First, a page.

You will get wet on this ride.

A passing fast boat in Laos

I remember when I was a kid and going to 6 flags amusement parks about half way into the crazy 1KM long lines for water rides there would be signs that read “You will get wet on this ride”. There was no sign like that for the fast boat from Luang Prabang to Thailand or it would have read:

“You will get wet, uncomfortable, deaf, vibrated, and possibly killed on this ride.”

It sounds like Im complaining, but I shouldnt. We arrived a few hours late, but I still had 2 arms, 2 legs, and my head wasnt bouncing around on a broken neck like a pez-dispenser – so I am a happy man. Leaving Laos was probably my worst travel experience to date here, mixed up tickets, rip-offs, late boat, closed border crossing (where I had to bribe the guy to stamp my visa). But I arrived, and am currently sitting in Chiang Mai, the 2nd largest city in Thailand, which I love so far.

The infamous “fast boat” is a mini-long tail boat, about the same size as a swamp canoe, but it has a huge car engine mounted on the back. No muffler, no housing for the engine, so at full throttle its loud to say the least. But these things can move! 50 MPH, skipping across the river like mad. The downer is that you sit on a wooden bench that is so small, you are in fetal position, knees pulled up into your chest, arms around your legs to hold them, and head tucked down to avoid the wind. Sitting like that for 7 hours is excrutiating and every vibration from the engine works its way through your body. It rained hard the night before we left so the Mekong river was up and in places, swirling with vortexes caused by streams and tributaries that feed into it. You could actually see the conflicting currents moving in opposite directions and we passed a large “slow boat” that was caught up in one of the pools, being spun around like it was a toy or something. Fortunately we were so fast, we skipped right over the deadly whirlpools before they even knew that we were on the river. Sometimes they would bounce us up into the air and we would hit the water with a tailbone shattering thud, but the boat never faltered. They issue you old-school helmets with face shields which makes the boat look like some twisted extreme sport race you would see on ESPN 7 or something. At first, like most people, I was not wearing my helmet because with or without it, a crash would toss you and break you like a ragdoll on the water. However after a couple hours, I actually developed a nasty windburn on my face. About the 5th hour into the ride, I was starting to think that things could not possible get any more uncomfortable…..then the rain started. People hunched down into the boat trying to avoid the small stinging raindrops hitting us at 50MPH but it was no use. We took our punishment all the way back to Thailand.

Other than an English woman that sank up to above her knees in “quick mud”, the ride was fairly uneventful. The poor woman, we pulled up on a sandy bank for a toilet break, and she stepped on the lucky spot and sank up to her ankles. Every time she would shift her weight to the other leg to pull one out, it would sink deeper, until she worked her way so deep that it took 2 of us men to pull her out. She had to sacrifice her flip-flops to the river gods.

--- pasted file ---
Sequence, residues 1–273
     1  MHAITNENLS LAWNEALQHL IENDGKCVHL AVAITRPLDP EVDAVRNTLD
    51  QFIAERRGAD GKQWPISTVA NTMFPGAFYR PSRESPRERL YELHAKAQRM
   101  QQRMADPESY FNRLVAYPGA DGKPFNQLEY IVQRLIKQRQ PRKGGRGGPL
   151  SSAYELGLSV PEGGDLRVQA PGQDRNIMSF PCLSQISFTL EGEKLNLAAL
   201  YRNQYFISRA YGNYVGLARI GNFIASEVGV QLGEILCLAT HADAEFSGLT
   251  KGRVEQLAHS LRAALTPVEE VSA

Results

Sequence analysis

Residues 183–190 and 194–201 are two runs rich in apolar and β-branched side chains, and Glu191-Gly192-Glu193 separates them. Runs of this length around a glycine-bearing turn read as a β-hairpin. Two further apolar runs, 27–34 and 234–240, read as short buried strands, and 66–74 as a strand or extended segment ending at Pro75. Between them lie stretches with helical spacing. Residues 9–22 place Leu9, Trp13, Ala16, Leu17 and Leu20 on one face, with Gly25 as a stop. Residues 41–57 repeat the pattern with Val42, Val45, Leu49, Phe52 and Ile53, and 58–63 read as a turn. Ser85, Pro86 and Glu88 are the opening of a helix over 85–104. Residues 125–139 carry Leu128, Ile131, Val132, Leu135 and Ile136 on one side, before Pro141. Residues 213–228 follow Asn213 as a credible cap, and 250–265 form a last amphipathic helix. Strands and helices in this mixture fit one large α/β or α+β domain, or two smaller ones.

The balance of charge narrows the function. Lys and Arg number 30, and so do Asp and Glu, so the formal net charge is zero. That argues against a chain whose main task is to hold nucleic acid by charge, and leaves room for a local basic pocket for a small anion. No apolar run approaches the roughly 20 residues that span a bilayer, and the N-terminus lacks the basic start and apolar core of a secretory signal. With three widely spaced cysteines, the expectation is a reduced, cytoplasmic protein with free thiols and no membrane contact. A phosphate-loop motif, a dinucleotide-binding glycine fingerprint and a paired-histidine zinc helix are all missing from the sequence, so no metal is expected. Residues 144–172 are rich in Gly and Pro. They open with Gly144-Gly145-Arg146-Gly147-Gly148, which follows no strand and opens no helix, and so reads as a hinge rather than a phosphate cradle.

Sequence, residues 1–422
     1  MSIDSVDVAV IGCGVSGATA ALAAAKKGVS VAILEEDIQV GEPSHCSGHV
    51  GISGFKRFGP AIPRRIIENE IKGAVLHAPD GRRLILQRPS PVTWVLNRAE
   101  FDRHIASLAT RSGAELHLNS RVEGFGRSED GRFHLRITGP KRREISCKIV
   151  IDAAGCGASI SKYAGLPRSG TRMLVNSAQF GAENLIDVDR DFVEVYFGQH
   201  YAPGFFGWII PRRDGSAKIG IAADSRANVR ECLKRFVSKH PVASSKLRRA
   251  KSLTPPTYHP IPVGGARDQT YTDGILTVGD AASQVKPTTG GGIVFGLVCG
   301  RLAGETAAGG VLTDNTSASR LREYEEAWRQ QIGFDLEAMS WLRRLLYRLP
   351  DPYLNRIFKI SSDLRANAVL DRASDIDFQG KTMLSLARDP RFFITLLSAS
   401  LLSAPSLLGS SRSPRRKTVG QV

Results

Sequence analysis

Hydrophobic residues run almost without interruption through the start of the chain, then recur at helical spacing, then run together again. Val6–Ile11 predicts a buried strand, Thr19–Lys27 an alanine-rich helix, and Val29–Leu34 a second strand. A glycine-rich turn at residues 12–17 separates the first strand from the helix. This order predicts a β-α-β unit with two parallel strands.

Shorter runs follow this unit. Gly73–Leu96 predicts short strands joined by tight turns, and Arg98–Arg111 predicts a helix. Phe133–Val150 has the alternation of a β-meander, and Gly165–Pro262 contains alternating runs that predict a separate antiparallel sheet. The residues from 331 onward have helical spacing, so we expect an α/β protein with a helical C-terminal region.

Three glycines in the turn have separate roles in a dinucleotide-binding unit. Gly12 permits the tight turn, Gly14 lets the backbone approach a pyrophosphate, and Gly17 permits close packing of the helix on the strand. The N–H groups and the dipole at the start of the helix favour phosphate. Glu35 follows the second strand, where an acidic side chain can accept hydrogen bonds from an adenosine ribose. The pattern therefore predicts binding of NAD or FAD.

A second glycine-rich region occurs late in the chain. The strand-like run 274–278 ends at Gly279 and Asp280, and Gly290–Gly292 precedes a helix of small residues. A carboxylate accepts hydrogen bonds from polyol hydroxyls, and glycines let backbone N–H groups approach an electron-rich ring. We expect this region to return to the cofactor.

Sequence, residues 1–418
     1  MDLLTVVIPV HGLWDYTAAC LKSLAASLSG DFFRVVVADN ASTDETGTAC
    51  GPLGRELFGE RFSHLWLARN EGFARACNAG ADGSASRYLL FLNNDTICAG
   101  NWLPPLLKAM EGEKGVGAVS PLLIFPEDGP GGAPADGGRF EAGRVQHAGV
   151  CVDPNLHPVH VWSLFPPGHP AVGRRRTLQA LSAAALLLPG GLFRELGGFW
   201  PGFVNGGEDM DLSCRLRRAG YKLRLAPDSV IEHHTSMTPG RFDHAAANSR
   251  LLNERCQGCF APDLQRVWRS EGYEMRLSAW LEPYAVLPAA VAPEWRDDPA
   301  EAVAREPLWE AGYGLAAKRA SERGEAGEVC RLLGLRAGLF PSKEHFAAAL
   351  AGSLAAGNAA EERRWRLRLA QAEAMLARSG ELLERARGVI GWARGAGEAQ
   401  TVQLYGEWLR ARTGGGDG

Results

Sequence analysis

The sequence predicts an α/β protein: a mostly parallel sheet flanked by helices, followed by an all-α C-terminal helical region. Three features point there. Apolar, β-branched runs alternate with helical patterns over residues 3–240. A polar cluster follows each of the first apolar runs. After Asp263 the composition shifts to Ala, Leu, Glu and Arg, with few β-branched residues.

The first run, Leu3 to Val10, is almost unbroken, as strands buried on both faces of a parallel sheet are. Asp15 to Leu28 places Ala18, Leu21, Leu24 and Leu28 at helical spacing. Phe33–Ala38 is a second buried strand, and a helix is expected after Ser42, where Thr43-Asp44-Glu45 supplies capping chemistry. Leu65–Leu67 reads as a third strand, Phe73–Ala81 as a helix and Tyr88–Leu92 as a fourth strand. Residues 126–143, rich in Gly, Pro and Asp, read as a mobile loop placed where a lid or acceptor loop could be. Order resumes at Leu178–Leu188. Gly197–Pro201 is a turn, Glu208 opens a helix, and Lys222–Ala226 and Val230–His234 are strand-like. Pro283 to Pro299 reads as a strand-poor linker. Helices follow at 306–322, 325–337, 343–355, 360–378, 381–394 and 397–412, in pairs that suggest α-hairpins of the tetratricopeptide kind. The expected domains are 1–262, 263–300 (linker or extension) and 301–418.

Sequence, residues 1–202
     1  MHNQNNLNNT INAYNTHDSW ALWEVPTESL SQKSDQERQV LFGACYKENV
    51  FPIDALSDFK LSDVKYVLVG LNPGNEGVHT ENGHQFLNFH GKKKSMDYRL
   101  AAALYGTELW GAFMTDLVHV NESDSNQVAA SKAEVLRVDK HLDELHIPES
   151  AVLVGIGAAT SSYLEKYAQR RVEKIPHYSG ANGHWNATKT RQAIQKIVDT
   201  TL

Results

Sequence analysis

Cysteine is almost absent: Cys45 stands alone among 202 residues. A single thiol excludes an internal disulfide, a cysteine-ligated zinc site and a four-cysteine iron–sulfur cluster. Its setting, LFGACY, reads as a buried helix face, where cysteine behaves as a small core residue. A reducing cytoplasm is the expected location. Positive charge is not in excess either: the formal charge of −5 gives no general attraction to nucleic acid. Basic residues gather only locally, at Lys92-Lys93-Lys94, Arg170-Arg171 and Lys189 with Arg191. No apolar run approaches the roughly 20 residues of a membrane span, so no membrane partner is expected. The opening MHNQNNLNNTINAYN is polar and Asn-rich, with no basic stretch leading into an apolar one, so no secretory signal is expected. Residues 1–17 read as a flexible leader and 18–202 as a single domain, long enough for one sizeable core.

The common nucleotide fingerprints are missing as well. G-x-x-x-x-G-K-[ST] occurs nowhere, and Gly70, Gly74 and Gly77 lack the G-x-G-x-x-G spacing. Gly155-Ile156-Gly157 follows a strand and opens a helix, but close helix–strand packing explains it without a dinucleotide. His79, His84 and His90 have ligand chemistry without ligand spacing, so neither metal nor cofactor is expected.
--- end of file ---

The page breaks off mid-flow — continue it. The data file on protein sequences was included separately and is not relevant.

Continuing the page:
Unfortunately, getting started was the biggest gaggle of a goat-screw I have encountered in Asia. I was on time at the dock, 07:00am, and waited until 09:00 on the boat. When it came, they didnt have enough seats! There was no record of my ticket. The driver refused to move until there were more Farang in his boat because they charge more for our tickets than the locals’. We sat and argued into a stalemate for 2 hours until finally 4 guys stood up and left, furiously demanding their money back. This freed up enough seats and off we went. The ride was amazing, quite an adrenaline rush for the first hour, and then as the novelty and excitement wore off, it just became uncomfortable as hell. We passed by small fishing village after village and more undeveloped countryside along the river than I have ever seen in my life. Everywhere farmers and fishermen would stop and look up at the roar of our engine coming down the river.

After finally getting a minibus from the border to Chiang Mai, I arrived with a French couple that I met on the boat about 23:30. As luck would have it, all the guesthouses were shut or full, so we humped around with heavy packs until we finally came into a cheap, but slightly dirty place for 150B a night.

The fast boat was a great experience and Im glad that I got to do it. It got me back to Thailand, which sad to say, felt like I was coming “home”. I love it here, the people, language, food, everything. After checking prices, I made an executive decision that I would fly to Siem Reap in Cambodia after this place. Life is good!

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  1. I’m glad you’re having the time of your life and can’t wait to hear about it when you stop by Boulder again. Hopefully you’ll still be in the mood for pho when you come out. I hope you enjoy soloing, because there will never be a 3rd time scrambling flatiron #2 for this guy (although I guess I’ve said that before). 1Q health checks aren’t the same without you! Please come back to cubicle land. Just think of all we have to offer…hundreds of hours in dull-gray boxes, where you get to experience death not once, but thousands of times! It’s an offer you can’t re….oh, wait, you DID refuse it. Um…well, until next time!

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